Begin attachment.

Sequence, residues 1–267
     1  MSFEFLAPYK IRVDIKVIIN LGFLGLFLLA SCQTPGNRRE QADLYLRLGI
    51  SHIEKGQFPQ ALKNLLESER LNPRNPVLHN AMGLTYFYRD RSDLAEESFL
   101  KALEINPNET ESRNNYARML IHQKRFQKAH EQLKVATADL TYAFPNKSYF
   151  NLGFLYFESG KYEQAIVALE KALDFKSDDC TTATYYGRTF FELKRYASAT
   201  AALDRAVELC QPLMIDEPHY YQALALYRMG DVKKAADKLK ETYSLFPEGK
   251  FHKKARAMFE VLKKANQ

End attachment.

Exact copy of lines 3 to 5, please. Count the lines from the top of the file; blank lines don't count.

    51  SHIEKGQFPQ ALKNLLESER LNPRNPVLHN AMGLTYFYRD RSDLAEESFL
   101  KALEINPNET ESRNNYARML IHQKRFQKAH EQLKVATADL TYAFPNKSYF
   151  NLGFLYFESG KYEQAIVALE KALDFKSDDC TTATYYGRTF FELKRYASAT